It’s February, and we’re writing this from the shores of a frozen lake south of Stockholm.

It’s been a busy 2016 so far, starting with a profile about Boho in New Scientist magazine, alongside our good friends from Coney, written by Stewart Pringle:

Boho Interactive’s tagline, “we fight dirty for science”, neatly conveys the company’s urgency. Much of its work features fighting talk and disruptive activity.

The company has collaborated with the Stockholm Resilience Centre, a joint initiative of Stockholm University and the Royal Swedish Academy of Sciences. The centre researches new ways of governing and managing human activity, taking into account the complex needs of the surrounding environment. In other words, it is looking for ways of doing business that don’t trash the planet.

It’s a grand mission, but it doesn’t necessarily need to be played on a grand scale. Boho’s projects include unpicking the systems that sustain a news stand in London’s Euston station. In its large-scale touring performance, Best Festival Ever, the company explores the complex interplay of processes in the management of a major music festival.

Go on, have a read.

We spent a week in January in London with Forum for the Future‘s Systems Innovations Lab. Forum uses systems thinking to help businesses and large organisations tackle sustainability challenges, and we’re hoping to work with them to develop a toolkit of games that they can use in their projects.

Right now we’re undertaking a month-long development in Sweden. Working with Stockholm NGO Miljöverkstan, we’re building a new game based on the Flaten nature reserve south of Stockholm.

Flaten is a lake, surrounded by beautiful forest (oaks, pine, spruce, trees 500 years old or more), and a place where a lot of different groups intersect – swimmers and dogwalkers, itinerant workers camping in caravan parks, squatter camps in the forest, the nearby suburb of Skarpnäck…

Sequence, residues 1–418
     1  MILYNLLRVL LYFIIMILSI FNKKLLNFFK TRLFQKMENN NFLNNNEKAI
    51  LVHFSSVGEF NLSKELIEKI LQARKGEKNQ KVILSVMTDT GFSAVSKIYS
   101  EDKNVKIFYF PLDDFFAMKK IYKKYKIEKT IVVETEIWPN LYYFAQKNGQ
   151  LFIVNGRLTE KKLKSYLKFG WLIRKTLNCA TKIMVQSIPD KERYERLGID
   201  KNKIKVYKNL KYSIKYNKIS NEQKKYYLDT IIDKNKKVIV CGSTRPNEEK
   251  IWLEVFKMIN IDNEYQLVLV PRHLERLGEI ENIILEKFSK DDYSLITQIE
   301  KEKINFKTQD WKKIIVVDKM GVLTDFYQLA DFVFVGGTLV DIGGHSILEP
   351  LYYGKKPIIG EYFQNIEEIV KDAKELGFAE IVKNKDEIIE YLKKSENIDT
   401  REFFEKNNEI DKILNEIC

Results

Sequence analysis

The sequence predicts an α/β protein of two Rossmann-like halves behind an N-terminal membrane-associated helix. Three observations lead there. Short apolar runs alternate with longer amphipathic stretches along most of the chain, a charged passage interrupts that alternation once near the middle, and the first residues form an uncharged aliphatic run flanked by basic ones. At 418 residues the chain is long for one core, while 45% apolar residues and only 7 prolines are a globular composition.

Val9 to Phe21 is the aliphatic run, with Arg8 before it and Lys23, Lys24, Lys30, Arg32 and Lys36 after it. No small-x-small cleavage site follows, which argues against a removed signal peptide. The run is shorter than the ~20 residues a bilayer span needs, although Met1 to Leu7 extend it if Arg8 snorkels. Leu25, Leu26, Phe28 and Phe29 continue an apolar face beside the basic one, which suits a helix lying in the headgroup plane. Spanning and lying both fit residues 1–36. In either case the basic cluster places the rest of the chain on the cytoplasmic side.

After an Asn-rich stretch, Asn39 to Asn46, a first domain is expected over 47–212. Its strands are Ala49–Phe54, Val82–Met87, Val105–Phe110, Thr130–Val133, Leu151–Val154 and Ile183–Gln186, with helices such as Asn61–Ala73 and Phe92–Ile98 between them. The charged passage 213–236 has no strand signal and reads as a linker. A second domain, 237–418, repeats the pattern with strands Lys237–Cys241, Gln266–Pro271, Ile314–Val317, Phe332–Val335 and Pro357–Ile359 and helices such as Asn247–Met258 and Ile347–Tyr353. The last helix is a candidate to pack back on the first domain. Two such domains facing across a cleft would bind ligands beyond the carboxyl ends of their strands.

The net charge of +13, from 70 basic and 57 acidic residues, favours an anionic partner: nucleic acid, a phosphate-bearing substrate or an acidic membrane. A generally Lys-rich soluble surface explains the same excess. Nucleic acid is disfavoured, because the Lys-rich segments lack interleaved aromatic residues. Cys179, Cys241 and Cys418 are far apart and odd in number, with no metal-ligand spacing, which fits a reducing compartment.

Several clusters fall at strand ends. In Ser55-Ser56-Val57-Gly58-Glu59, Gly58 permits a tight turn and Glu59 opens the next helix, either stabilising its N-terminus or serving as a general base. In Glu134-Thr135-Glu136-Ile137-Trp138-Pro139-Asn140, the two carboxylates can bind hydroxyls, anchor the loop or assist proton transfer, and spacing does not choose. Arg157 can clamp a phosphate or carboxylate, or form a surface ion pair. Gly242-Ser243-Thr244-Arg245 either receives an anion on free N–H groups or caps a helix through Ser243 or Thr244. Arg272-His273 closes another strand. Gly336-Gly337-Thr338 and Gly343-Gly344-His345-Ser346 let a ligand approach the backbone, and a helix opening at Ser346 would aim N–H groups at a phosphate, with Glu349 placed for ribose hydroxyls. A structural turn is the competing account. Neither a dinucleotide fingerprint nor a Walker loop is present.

Miljöverkstan want to try to capture some of the complexity of the region in an interactive format, so they’ve invited us over to map the system with them and turn it into a game experience, a platform for learning and conversation.

This month we’re building a systems map and putting together a rough prototype of the show. We’ll be returning to Sweden in August and October to finish off the game, and present it for the first time to a Swedish audience.

This is a big project, with a short timeframe, but it’s exciting to be applying the tools we developed through Best Festival Ever to a real-world system.

Feel free to check out our process blog if you’d like to keep track of the creation of the work. As always, we’d love to hear from you with any thoughts, comments and ideas. And if you’re interested in any kind of collaboration or joint project, we’re starting to look towards 2017…

Okay so we are excited to announce that we will be bringing Boho’s Best Festival Ever: How To Manage A Disaster to Canberra this August.

We’ll be at the Street Theatre for two weeks over 12 – 22 August.

This will be the first Boho show in Canberra since Word Play in 2013, and the first presentation of Best Festival Ever in Australia. After premiering the show last year with seasons at the Battersea Arts Centre, the London Science Museum and the Stockholm Resilience Centre, we’re really stoked to be bringing this one home.

Best Festival Ever: How To Manage A Disaster places the audience in charge of programming and managing their very own music festival.

Seated around a table, participants take charge of designing, constructing and managing their festival from beginning to end. From taking care of rowdy campsite parties to assembling the perfect lineup of bands, from dealing with artist tantrums to preventing fights in the moshpit, the audience experience every part of the festival manager’s ride.

Part theatre show, part performance lecture and part boardgame, Best Festival Ever introduces participants to concepts from Systems Science and asks how we can best understand and manage the complex systems we live in.

Each of the Canberra shows will feature a conversation with a guest scientist talking about the ideas in the work, including Dr Will Steffen (Climate Council), Dr Bob Costanza (ANU) and Dr Nicky Grigg (CSIRO).

Following the conclusion of Big Day Out, Harvest, Future Music, Stereosonic, the Great Escape and Parklife Festivals, this might be your last chance to experience a music festival in Australia: jump on board.